Inter-Union Relations on the Waterfront: Cardiff 1888–1914
Daunton, M. J
|Published in:||International Review of Social History, vol. 22(1977) no.3, p. 350-378.|
The waterfront in the nineteenth century was notorious for its complex and fragmented labour market. The stevedores on board ship and the porters on the shore were always quite distinct. In London, there were then further divisions, between quay and warehouse workers, between the export and import trades. And within these broad divisions, workers would concentrate upon a particular commodity. Specialisation was rife: the labour-force was a complex body, lacking cohesion because of the diversity of products and functions, the variety of employers, and a casual system which restricted workers to particular localities and types of work. This clearly created problems when unionisation occurred. Each specialism tended to organise separately, and the result would be a plethora of unions somewhat overlapping and competing. In London, again, there was “an endless proliferation of small societies”.1 And quite apart from the complexity of union organisation amongst the dock workers there were the external relations with on the one side the seamen, and on the other railwaymen and carters. This is all to say that one of the key elements in labour relations on the waterfront before 1914 was inter-union relations.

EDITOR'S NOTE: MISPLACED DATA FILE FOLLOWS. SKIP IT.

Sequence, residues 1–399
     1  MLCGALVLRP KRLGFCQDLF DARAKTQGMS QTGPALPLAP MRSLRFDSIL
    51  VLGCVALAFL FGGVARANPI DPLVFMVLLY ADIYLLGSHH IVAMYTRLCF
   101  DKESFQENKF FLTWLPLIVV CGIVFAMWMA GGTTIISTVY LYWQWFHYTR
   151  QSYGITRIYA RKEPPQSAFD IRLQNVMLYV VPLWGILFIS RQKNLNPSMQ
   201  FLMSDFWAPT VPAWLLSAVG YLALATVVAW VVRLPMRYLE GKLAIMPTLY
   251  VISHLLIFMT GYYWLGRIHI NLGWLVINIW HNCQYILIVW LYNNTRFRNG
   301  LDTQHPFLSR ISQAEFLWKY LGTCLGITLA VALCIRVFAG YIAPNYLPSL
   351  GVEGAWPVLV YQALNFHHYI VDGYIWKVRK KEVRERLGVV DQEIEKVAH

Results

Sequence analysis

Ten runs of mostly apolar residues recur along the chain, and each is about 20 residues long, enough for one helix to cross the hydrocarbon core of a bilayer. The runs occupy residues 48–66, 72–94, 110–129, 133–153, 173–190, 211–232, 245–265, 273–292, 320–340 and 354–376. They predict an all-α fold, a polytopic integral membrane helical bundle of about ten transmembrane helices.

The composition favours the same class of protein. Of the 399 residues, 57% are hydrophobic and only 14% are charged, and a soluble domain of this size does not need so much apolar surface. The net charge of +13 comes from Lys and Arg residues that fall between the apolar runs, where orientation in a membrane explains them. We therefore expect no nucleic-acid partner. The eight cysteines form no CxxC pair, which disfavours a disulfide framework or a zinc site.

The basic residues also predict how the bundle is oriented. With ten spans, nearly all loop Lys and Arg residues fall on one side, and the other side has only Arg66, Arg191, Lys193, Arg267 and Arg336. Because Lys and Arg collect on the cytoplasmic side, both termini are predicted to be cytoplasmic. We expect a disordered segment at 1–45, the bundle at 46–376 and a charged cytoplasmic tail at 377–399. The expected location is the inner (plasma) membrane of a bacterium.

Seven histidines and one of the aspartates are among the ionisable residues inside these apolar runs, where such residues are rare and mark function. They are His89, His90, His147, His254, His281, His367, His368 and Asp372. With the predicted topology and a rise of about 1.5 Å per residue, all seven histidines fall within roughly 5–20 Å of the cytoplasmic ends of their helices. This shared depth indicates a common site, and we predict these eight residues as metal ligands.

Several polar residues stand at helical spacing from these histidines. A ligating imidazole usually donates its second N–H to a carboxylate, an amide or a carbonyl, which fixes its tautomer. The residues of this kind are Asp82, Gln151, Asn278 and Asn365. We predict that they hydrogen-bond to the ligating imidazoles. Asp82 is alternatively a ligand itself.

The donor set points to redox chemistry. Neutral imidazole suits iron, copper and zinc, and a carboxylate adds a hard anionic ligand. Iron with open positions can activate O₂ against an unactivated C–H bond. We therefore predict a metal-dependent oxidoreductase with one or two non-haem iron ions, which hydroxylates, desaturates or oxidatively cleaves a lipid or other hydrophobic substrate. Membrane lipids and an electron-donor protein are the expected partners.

|Copyright:||Copyright © Internationaal Instituut voor Sociale Geschiedenis 1977|
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